[9]   SAMR, “Announcement of SAMR’s Antimonopoly Review Decision to Conditionally Approve the Acquisition of the BioPharma Business of the General Electric Company by Danaher Corporation” (市场监管总局关于附加限制性条件批准丹纳赫公司收购通用电气医疗生命科学生物制药业务案反垄断审查决定的公告) (released on February 28, 2020), available at,

  [10]   SAMR, “Announcement of SAMR’s Antimonopoly Review Decision to Conditionally Approve Infineon Technologies AG’s Share Acquisition of Cypress Semiconductor Corp.” (市场监管总局关于附加限制性条件批准英飞凌科技公司收购赛普拉斯半导体公司股权案反垄断审查决定的公告) (released on April 8, 2020), available at

  [11]   SAMR, “Announcement of SAMR’s Antimonopoly Review Decision to Conditionally Approve Nvidia Corporation’s Share Acquisition of Mellanox Technologies, Ltd.” (市场监管总局关于附加限制性条件批准英伟达公司收购迈络思科技有限公司股权案反垄断审查决定的公告) (released April 16, 2020), available at

  [12]   SAMR, “Announcement of SAMR’s Antimonopoly Review Decision to Conditionally Approve ZF Friedrichshafen AG’s Share Acquisition of WABCO Holding Inc.” (市场监管总局关于附加限制性条件批准采埃孚股份公司收购威伯科控股公司股权案反垄断审查决定的公告) (released on May 15, 2020), available at

  [13]   SAMR, “Announcement of SAMR of the Decision to Penalize concerning Monopoly involving Calcium Gluconate Pharmaceutical Ingredients” (市场监管总局发布葡萄糖酸钙原料药垄断案行政处罚决定书) (released April 14, 2020), available at

  [14]   SAMR, “Announcement of SAMR of the Decision concerning the Monopoly Agreement of 11 Second-hand Vehicles Dealers in Ningxia Shizuishan Shi” (市场监管总局发布宁夏石嘴山市11家二手车交易市场经营者垄断协议案的处理决定) (released on October 22, 2020), available at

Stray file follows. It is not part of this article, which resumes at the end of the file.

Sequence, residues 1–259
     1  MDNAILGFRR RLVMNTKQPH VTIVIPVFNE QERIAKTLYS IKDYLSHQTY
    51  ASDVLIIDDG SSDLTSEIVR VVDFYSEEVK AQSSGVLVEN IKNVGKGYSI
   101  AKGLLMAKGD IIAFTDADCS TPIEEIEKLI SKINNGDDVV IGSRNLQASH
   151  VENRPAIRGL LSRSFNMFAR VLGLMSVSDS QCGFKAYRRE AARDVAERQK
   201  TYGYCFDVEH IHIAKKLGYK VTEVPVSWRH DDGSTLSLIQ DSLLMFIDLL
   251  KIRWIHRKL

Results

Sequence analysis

[15]   SAMR, “Announcement of SAMR of the Decision to Penalize Huan Fuel Gas LLC and Huaihua Railway Economic and Technological Development Co. Ltd for Concluding and Implementing Monopoly Agreement” (市场监管总局发布湖南中民燃气有限公司与怀化铁路经济技术开发有限公司达成并实施垄断协议案行政处罚决定) (released on July 2, 2020), available at

  [16]   SAMR, “Announcement of SAMR of the Decision to Terminate Investigation against Yancheng Xin’ao Fuel Gas Ltd” (市场监管总局发布盐城新奥燃气有限公司垄断案终止调查决定书) (released on July 24, 2020), available at

  [17]  SAMR, “Announcement of SAMR of the Decision to Penalize Qinghai Minhe Chuanzhong Petroleum and Natural Gas Co., Ltd. for Abusing Market Dominance” (市场监管总局发布青海省民和川中石油天然气有限责任公司滥用市场支配地位案行政处罚决定书) (released on May 19, 2020), available at

  [18]   China Daily, Meituan in the antitrust dock (December 31, 2020), available at

  [19]   Wuhan Hanyang Guangming Trading Company Limited v Shanghai Hankook Tire Sales Company Limited (Higher People’s Court of Shanghai Municipality, July 30, 2020), available here.

  [20]   Yanan Jiacheng Concrete Company Limited v Fujian Sanjian Engineering Company Limited (Higher People’s Court of Shanghai Municipality, August 13, 2020), available here.

The following Gibson Dunn lawyers assisted in the preparation of this client update: Sébastien Evrard, Bonnie Tong, Rebecca Ho and Celine Leung.

Gibson Dunn lawyers are available to assist in addressing any questions you may have regarding these issues.  Please contact the Gibson Dunn lawyer with whom you usually work, any member of the firm’s Antitrust and Competition Practice Group, or the following lawyers in the firm’s Hong Kong office:

Sébastien Evrard (+852 2214 3798, [email protected])
Kelly Austin (+852 2214 3788, [email protected])
Bonnie Tong (+852 2214 3762, [email protected])
Rebecca Ho (+852 2214 3824, [email protected])
Celine Leung (+852 2214 3823, [email protected])